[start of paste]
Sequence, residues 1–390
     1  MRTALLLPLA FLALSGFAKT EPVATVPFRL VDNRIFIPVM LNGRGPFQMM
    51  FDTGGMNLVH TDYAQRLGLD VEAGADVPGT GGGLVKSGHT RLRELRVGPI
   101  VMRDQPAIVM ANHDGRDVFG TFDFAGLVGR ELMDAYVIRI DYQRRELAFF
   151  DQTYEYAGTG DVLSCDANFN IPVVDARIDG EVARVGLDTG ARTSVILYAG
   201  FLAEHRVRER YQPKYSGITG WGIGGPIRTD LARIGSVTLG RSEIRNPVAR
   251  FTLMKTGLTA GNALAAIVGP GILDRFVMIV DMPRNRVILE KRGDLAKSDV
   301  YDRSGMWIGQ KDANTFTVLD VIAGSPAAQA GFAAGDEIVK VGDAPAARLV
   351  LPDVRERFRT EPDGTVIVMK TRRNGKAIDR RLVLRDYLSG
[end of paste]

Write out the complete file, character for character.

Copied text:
Sequence, residues 1–390
     1  MRTALLLPLA FLALSGFAKT EPVATVPFRL VDNRIFIPVM LNGRGPFQMM
    51  FDTGGMNLVH TDYAQRLGLD VEAGADVPGT GGGLVKSGHT RLRELRVGPI
   101  VMRDQPAIVM ANHDGRDVFG TFDFAGLVGR ELMDAYVIRI DYQRRELAFF
   151  DQTYEYAGTG DVLSCDANFN IPVVDARIDG EVARVGLDTG ARTSVILYAG
   201  FLAEHRVRER YQPKYSGITG WGIGGPIRTD LARIGSVTLG RSEIRNPVAR
   251  FTLMKTGLTA GNALAAIVGP GILDRFVMIV DMPRNRVILE KRGDLAKSDV
   301  YDRSGMWIGQ KDANTFTVLD VIAGSPAAQA GFAAGDEIVK VGDAPAARLV
   351  LPDVRERFRT EPDGTVIVMK TRRNGKAIDR RLVLRDYLSG